Legal Aid Society

A Day In The Life

Advocating for Treatment, Not Jail in the Criminal Defense Practice

Afeisha Julien, a Forensic Social Worker in Legal Aid’s Criminal Defense Practice (CDP), cites two life events that led her to her social work career. Afeisha shared that during an English class in high school they watched What I Want My Words to Do to You, a documentary in which 15 women incarcerated at Bedford Hills Correctional Facility for Women in New York state told their stories.

As they spoke, Afeisha was moved by their life stories and the circumstances that led to incarceration at Bedford Hills. “The way these women were humanized helped me make my decision to work in the field,” she recalls. A few years later, her advisor at Spelman College helped solidify her decision to become a social worker.  

In her second year at Columbia University School of Social Work, she entered the lecture hall for a class entitled People Returning from Incarceration and was greeted by her professor—one of the very women featured in the documentary she watched in high school. Others from the film joined her and spoke about their lives since their release from Bedford Hills. Afeisha met each of them, amazed that she was sitting across from the people who unknowingly sparked her interest in social work years prior. 

I have learned that social workers work on both a micro and macro level. Social work is essential to criminal defense practice. Social workers provide a level of service to people that you cannot get in other professions.

Afeisha started her Legal Aid career in August 2012 as a forensic social worker before transitioning in 2016 to a mitigation specialist in the MICA project. The MICA project assists individuals who are dually diagnosed with mental illness and chemical addiction. As a MICA mitigation specialist, Afeisha advocated for treatment over incarceration. Recently, she returned to her role as a forensic social worker, where she serves clients across Legal Aid’s Criminal Defense Practice.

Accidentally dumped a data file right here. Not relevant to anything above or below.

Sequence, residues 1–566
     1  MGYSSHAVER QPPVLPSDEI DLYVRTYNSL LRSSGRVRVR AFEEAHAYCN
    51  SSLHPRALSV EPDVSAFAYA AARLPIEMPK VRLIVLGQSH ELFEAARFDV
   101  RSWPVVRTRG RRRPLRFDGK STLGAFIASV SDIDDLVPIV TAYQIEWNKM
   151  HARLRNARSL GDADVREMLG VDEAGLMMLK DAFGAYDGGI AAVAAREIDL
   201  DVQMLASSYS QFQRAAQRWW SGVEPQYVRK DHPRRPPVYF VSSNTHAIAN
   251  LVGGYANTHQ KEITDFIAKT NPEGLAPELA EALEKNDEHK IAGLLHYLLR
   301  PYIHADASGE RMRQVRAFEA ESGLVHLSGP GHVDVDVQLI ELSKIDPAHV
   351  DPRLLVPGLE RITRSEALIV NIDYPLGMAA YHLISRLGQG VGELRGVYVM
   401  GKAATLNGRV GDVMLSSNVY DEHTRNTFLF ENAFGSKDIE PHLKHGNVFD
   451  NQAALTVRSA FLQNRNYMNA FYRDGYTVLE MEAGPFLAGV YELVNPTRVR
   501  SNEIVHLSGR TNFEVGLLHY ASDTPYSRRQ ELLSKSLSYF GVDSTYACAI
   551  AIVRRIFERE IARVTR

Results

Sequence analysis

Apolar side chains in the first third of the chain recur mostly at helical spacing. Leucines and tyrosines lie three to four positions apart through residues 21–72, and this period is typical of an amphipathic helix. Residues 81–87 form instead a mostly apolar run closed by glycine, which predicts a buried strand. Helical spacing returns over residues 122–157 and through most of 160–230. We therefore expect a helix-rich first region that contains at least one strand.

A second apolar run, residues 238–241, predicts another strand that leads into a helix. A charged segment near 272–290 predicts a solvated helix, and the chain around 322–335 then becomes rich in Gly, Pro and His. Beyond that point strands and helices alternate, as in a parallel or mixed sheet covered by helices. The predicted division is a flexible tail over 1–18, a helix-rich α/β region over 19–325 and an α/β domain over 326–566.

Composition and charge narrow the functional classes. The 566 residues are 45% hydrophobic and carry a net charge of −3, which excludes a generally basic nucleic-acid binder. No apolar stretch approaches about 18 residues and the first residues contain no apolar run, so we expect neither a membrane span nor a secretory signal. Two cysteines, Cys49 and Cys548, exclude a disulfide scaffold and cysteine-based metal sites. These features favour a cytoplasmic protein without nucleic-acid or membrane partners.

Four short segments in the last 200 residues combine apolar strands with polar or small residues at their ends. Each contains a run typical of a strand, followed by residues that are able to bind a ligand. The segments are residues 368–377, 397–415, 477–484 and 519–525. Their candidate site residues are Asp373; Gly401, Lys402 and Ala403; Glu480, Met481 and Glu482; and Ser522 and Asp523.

Afeisha and other social workers provide a humanitarian lens to the court and lawmakers. In addition to her caseload, she advocates for Treatment Not Jail, legislation that would guarantee that New Yorkers with disabilities and other health-related challenges are provided with an opportunity to obtain treatment and support in their communities. She explains that there are only 75 openings per year in the New York County mental health court part, emphasizing that there are hundreds of potential people who are sent to Rikers instead of treatment.  

After more than a decade at Legal Aid’s Criminal Defense Practice, Afeisha continues to find moments of joy in her work, such as witnessing her clients’ release home from incarceration, or receiving a call that her client found stable housing or employment. Afeisha regularly hears from former clients reaching out to share positive updates in their lives, which is more special since her initial meeting with them is when they are at their lowest point. Seeing clients rise above their circumstances and overcome the perils of the criminal legal system is a highlight of her job. 

Whereas attorneys generally focus on one practice area of the law, social workers center their practice on the many dimensions of clients’ lives. The Legal Aid Society’s work could not be done without them.

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